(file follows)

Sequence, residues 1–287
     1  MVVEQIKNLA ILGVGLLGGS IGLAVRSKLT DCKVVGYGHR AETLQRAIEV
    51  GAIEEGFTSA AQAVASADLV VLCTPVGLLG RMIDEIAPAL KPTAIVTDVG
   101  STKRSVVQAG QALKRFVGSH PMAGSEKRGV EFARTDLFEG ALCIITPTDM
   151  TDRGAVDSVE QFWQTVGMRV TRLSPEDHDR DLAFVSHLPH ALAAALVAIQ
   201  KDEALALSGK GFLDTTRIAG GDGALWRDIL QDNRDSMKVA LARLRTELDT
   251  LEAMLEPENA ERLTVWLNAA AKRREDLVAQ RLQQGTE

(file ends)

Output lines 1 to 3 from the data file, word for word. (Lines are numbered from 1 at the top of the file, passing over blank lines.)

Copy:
Sequence, residues 1–287
     1  MVVEQIKNLA ILGVGLLGGS IGLAVRSKLT DCKVVGYGHR AETLQRAIEV
    51  GAIEEGFTSA AQAVASADLV VLCTPVGLLG RMIDEIAPAL KPTAIVTDVG